(Well, CoC is another matter, that actually helps most crop sensor bodies a bit by decreasing the DOF slightly, but that has less effect than the actual focal length and the distances…)

  • http://www.flickr.com/photos/jameskarlmerri/5190526117/ James Merrifield

    I think the video guy needs to go into rehab…..he’s blown out and needs to be compressed….

  • http://http//speedlighter.blogspot.com michael

    this guy shot my buddies wedding. great work. his trademark afro, awesome!

  • http://http//speedlighter.blogspot.com michael

    JUST WATCHED THE WHOLE THING. the wedding shots ARE my friends!!!

  • rickyg

    This has to be one of the worst videos on the subject I have ever seen. The Guy should not make a statement without having the photos to illustrate his point. “If(aperture was this) then the background would blow out”. Bah. Also-ever hear of editing?

  • Mudit

    [eimg link='http://www.flickr.com/photos/40236565@N03/4274695238/' title='Marine Drive' url='http://farm3.static.flickr.com/2804/4274695238_916015b7cb.jpg']

  • http://www.macsteveinnovativeconcepts.com jide olatunbosun

    Picture taking professionally is not just, and calculating, but a lot of experiences and the type of camera used.
    The most important is a forum like this. About blur background, large aperture and focal length determine taking blur background outside post editing.

    My regard to you Darren, you are wonderful.

  • RegularGuy

    Two things are happening in these photos. One is the compression effect of longer, telephoto lenses. The other is shrinking the depth of field by shooting at larger apertures.

    I, too, do NOT like the phrase ‘blown out’ because it seems as though they’re trying to combine the compression and depth of field effects into a single thing. You blur a background by opening your lens, then use some combination of lesser ISO and higher shutter speed.

    Compression using a telephoto lens usually means a faster shutter speed (or higher ISO) to overcome camera shake. The old ‘rule-of-thumb’ was to shoot a telephoto lens by setting your shutter at 1/lens length. A 300mm lens means you shoot at 1/300 or faster handheld.

    As for portraits, I try to stay with an 80-100mm lens. Any shorter and the subject’s nose starts to get too large, and any longer the facial features seem compressed. If you want to isolate the portrait subject, use a large aperture, and if possible, move the subject as far away from the background as you can.

  • Mikko

    Regularguy: very true. 80-100 mm focal is quite nice to frame a portrait on a full frame sensor or film.

    But for a crop factor body it is important to remember, that focal length does not change perspective at all. The distance to the subject does – and to frame an appropriate portrait, one has to move to a certain distance with a given focal length thus changing the perspective. You can test this easily with a zoom: keep *the distance* the same, take two shots at different focal lengths and then crop the photos the same – the perspercitve is exactly the same even though the focal length is different.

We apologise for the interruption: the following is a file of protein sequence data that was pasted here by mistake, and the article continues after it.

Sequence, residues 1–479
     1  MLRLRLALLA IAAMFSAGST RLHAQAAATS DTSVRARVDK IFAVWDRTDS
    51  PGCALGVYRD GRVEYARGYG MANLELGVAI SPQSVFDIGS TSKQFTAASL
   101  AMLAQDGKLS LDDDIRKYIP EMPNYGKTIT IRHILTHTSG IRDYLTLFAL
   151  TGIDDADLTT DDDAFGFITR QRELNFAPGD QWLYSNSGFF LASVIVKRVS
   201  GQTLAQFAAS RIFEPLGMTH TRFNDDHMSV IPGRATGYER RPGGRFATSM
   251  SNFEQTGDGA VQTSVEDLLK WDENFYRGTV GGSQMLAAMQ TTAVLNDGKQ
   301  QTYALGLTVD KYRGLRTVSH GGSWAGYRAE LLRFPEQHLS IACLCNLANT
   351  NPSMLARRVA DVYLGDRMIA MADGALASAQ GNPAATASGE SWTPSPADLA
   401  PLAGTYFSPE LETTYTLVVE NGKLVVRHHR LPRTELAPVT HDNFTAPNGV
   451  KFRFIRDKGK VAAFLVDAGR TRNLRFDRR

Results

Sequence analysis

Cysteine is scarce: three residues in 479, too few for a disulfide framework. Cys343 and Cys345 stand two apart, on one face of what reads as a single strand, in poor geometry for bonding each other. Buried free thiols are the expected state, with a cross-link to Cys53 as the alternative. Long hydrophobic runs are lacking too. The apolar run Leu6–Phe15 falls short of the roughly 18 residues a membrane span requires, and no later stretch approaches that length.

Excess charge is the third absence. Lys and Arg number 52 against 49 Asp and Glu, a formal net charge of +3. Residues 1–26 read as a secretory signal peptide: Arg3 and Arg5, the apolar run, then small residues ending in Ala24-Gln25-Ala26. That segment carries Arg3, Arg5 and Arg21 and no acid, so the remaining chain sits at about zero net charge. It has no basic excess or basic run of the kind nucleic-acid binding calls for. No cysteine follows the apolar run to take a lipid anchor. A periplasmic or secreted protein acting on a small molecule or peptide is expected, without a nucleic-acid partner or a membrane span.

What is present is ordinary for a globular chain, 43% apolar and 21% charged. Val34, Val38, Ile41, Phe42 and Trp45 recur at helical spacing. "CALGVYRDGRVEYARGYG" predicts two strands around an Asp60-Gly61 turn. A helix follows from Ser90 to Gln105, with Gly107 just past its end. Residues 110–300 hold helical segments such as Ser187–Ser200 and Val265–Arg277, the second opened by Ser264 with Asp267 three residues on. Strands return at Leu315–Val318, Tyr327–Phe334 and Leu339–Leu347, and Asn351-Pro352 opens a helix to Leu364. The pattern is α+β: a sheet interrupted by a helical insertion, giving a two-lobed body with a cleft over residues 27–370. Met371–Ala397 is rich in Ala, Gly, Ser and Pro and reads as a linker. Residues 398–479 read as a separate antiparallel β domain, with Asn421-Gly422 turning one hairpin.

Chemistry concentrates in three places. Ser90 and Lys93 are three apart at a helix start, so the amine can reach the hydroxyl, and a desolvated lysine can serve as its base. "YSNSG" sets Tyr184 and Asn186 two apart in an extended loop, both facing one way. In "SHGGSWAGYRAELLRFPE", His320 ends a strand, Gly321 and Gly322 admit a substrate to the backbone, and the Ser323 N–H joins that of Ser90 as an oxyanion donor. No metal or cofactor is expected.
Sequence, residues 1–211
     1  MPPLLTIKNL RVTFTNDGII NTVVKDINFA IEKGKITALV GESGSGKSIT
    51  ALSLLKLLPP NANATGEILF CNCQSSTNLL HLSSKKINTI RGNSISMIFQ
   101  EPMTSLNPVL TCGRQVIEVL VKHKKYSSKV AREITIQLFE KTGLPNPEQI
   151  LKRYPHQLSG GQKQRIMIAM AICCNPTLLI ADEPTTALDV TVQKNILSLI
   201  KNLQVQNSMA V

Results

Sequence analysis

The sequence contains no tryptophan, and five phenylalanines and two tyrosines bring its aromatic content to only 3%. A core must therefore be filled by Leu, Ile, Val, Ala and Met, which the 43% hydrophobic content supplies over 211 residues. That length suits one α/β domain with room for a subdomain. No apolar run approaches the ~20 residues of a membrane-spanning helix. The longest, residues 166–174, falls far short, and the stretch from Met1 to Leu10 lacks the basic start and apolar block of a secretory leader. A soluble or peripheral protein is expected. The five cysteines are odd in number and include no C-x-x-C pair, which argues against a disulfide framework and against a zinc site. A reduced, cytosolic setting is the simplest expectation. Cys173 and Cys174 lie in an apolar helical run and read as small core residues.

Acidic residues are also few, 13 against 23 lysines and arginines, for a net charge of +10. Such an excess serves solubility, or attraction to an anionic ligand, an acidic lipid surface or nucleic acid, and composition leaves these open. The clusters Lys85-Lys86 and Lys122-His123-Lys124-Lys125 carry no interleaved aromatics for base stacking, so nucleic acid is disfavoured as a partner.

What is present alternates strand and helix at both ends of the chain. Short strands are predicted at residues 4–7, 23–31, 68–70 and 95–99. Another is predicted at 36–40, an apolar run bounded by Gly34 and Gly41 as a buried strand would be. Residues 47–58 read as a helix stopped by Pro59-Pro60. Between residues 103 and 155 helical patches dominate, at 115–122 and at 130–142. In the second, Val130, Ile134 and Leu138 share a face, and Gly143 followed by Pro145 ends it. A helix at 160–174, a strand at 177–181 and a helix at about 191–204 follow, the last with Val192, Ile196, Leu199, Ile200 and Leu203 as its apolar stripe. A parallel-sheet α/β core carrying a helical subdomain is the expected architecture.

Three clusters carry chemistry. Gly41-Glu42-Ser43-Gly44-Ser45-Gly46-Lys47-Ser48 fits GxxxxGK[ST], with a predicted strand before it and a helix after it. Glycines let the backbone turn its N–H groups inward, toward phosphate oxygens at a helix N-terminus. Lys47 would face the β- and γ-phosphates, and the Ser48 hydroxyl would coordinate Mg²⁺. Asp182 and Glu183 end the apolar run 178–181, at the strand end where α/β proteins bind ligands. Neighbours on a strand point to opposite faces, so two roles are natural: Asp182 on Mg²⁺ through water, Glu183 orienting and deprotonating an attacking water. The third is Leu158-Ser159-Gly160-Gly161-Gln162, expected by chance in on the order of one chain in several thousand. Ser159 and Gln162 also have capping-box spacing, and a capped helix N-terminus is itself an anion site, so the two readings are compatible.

One could think of the focal length as just another crop factor: for an EOS body with crop factor of 1.6, to frame a headshot, a 50 mm lens is quite OK: it is the exact same perspective as the same headshot with a 80 mm lens on a full frame or film body.

    Longer focal lengths are not only compressing the background – focal length does affect bokeh / blur of the background: Depth of field is *very* dependent on the focal length. Depth of field is determined by three factors: the focal length of the lens, the f-number of the lens opening (the aperture), and the camera-to-subject distance. The focal length is quite dominant: http://upload.wikimedia.org/math/7/7/d/77d46a8b41790040f6615b2a62a887ee.png

  • http://naturalportraitsandevents.com Norm Levin

    The technique of “blowing out the backgrounds” in portraiture is good, except as noted above, “softening” or “blurring” are much more apt terms for this technique. Also, Fro raptures on showing baseball stadium shots, which I think is also somewhat off target.
    Here’s my summary of what this video should have said:
    • Longer lenses work better than wide angle.
    • Wider apertures produce softer backgrounds.
    • Getting closer to the subject works better.
    • Using a lower ISO allows for wider apertures.
    • Doing all four is best.

    I’ve been using this technique in my outdoor portraiture (won’t work nearly as well indoors), that allow me to place the subject in a more romantic and/or artistic setting. [eimg url='http://naturalportraitsandevents.com/Portraits/Portraits/3273171_vNPqi#511946614_wPtro' title='3273171_vNPqi#511946614_wPtro']

  • http://www.flickr.com/photos/jameskarlmerri/5190526117/ James Merrifield

    Thank you, Mr. Levin,

    You just confirmed what I thought I knew all along.

    When I read “Fro’s” blog I just scratched my head. See my ‘Victoria Crumpet” photo(s) on Flicker.

    Jim M.

  • Shamsul

    I do read about magnification especially in macro shots took part in determine the DOF. Even shoot at f22 also can give the swallow DOF in macro.

Some older comments

  • Shamsul

    December 12, 2010 12:03 am